The ratio of the electron charge to its mass, e/m, can be determined from the curvature of the path of an electron in a magnetic field. That can be seen in a cathode ray tube (e.g an old tv) where the electrons are steered around with magnetic fields. The bigger the charge, the larger the magnetic force, giving more curvature. The bigger the mass, the less acceleration per force, giving smaller curvature.
The electron charge, e, can be measured by measuring the current produced by the flow of a known number of electrons. That can be obtained either from chemical reactions in batteries or from little single-electron solid-state devices, or even from vacuum tubes.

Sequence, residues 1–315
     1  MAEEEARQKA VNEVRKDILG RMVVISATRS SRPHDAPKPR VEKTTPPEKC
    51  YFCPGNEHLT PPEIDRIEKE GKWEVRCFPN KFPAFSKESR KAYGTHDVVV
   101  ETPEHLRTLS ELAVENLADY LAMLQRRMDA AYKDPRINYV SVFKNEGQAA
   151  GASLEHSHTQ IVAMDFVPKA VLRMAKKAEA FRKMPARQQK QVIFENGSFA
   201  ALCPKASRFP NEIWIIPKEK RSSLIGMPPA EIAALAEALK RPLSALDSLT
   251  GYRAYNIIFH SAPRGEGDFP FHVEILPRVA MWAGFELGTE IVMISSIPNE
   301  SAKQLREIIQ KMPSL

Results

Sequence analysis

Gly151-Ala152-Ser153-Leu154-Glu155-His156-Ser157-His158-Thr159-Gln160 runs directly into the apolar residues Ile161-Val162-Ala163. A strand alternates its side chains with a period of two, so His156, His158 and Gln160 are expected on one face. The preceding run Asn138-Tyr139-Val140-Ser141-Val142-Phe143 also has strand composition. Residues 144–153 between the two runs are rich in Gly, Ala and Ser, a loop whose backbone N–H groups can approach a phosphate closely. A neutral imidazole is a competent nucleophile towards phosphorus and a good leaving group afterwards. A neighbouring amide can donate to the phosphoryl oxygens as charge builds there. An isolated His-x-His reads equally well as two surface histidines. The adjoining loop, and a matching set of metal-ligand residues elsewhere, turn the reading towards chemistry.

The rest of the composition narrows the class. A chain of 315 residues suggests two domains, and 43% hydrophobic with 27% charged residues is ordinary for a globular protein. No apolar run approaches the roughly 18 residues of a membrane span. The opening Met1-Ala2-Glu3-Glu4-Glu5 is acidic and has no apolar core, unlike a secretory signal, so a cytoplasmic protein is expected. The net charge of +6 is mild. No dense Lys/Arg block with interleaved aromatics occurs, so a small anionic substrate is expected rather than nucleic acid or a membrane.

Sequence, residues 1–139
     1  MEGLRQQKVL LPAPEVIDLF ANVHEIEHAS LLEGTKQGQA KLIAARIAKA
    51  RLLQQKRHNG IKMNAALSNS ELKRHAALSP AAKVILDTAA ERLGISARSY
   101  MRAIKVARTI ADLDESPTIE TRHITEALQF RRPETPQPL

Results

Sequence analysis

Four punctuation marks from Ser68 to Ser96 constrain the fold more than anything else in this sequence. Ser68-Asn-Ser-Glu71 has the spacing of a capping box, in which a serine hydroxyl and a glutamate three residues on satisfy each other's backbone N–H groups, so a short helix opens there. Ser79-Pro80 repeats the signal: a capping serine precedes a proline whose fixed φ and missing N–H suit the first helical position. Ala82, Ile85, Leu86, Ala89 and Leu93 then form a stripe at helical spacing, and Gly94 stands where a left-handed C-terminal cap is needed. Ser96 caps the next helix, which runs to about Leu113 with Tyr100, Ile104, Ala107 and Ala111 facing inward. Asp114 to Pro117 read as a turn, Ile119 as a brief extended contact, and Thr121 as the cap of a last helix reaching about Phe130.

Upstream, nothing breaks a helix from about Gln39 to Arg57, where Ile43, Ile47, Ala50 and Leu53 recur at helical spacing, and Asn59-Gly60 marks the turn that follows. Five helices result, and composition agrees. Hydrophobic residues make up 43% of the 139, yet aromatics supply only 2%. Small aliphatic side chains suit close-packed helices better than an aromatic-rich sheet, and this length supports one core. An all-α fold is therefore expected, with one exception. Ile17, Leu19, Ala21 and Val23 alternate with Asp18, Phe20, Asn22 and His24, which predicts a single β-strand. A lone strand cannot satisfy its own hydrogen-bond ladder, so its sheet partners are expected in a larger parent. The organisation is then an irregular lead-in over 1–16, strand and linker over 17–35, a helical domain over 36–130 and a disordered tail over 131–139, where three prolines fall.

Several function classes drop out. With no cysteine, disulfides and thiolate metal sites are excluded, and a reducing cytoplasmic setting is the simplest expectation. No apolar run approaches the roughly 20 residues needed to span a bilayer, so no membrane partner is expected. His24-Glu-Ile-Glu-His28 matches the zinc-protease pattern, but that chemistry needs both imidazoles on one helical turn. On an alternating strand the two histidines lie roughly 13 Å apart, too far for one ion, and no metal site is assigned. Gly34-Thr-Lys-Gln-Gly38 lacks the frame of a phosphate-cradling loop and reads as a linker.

Putting together e and e/m lets you calculate m.
These are just a few of the types of measurements that can be used.
Whoops, I missed your second question. It's been answered several times on this site. One batch of answers appears here: http://van.physics.illinois.edu/qa/listing.php?id=1195http://van.physics.illinois.edu/qa/listing.php?id=1199
(published on 03/25/10)